Copyright © 2019 Albuquerque Journal
SANTA FE – A former employee of the Office of the Superintendent of Insurance has filed a lawsuit against the agency, claiming she was retaliated against after exposing tax underpayments by insurance companies and was eventually forced to leave her job.
The lawsuit is the second court case filed against the state insurance agency for alleged Whistleblower Protection Act violations, as another ex-employee filed a similar lawsuit last year.
In the case filed this week, Shawna Maestas, a former financial audit bureau chief with the agency, claims she was threatened with arrest and criminal prosecution for reporting suspected fraud and underpayments to Attorney General Hector Balderas’ office.
While still with the agency, Maestas also joined two other OSI employees in filing a lawsuit under the state’s Fraud Against Taxpayers Act in 2016 that accused Presbyterian Healthcare Services – New Mexico’s largest health insurer – of more than $40 million in Medicaid premium tax underpayments.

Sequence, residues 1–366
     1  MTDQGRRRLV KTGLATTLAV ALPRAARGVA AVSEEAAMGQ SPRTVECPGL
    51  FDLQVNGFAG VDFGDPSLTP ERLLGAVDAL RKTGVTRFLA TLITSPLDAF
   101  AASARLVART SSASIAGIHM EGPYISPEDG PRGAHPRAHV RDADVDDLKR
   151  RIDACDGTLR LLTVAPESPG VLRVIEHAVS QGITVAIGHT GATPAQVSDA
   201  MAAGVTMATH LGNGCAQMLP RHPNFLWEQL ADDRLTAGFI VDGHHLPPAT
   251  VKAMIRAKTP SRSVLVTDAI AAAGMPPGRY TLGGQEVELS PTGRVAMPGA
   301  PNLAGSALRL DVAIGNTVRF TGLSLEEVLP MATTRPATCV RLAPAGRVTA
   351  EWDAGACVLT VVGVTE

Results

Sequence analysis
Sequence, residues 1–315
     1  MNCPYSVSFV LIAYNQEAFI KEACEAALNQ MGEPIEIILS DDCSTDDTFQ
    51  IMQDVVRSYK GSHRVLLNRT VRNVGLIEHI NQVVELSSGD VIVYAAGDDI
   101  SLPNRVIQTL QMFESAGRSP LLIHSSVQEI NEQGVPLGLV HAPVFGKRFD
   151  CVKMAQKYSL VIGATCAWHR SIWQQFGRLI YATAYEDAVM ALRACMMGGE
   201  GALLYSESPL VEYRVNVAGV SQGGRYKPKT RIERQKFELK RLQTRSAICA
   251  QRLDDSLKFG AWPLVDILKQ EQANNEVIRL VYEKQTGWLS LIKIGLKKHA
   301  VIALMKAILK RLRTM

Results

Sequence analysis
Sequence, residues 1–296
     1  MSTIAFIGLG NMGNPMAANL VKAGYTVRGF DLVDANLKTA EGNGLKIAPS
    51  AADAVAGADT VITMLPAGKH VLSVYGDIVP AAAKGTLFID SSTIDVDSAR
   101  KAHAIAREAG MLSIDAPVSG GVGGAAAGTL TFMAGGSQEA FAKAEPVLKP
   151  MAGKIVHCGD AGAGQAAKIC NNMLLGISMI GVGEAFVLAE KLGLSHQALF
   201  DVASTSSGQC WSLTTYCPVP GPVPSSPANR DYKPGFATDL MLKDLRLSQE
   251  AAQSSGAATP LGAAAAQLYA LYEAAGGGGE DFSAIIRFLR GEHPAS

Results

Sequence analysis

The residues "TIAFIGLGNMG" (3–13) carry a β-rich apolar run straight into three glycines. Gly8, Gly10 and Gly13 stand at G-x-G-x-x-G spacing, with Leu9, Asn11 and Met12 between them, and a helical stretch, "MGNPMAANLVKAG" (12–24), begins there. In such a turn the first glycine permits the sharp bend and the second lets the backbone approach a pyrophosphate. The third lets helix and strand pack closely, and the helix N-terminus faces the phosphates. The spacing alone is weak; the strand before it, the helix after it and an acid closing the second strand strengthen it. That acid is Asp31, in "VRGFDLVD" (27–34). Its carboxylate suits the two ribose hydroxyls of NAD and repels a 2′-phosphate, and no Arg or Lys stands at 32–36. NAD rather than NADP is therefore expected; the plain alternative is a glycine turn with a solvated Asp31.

The AG’s Office eventually took over the case and Presbyterian agreed to pay $18.5 million to the state in 2017 to settle the lawsuit.
However, Maestas alleged in her lawsuit that she was excluded from work meetings, told to stop performing audits and assigned unnecessary paperwork after filing the whistleblower lawsuit.
She eventually resigned from her job in April 2018 due to “intolerable” working conditions.
Her attorney, Kate Ferlic, said Friday that Maestas and the other whistleblowers should be applauded for their defense of New Mexico taxpayers. The lawsuit, filed in state District Court in Santa Fe, asks a judge to award Maestas two times her accumulated back pay, attorney fees and various types of damages.
“It is terribly unfortunate that the superintendent of insurance chose to target some of the most important whistleblowers in the history of the state of New Mexico,” Ferlic said. “Instead of helping to root out fraud, waste and abuse, the superintendent of insurance retaliated against the very women who brought the fraud suit in the first place.”
A spokeswoman for state Superintendent of Insurance John Franchini did not immediately respond Friday to questions about the lawsuit and the alleged retaliation.
In the past, officials with the Office of the Superintendent of Insurance have defended the agency’s handling of the case, but have said they could not directly respond to the whistleblowers’ claims.
New Mexico’s Whistleblower Protection Act, enacted in 2010, prohibits public employers from retaliating against workers who report illegal or improper acts, or who testify about such actions.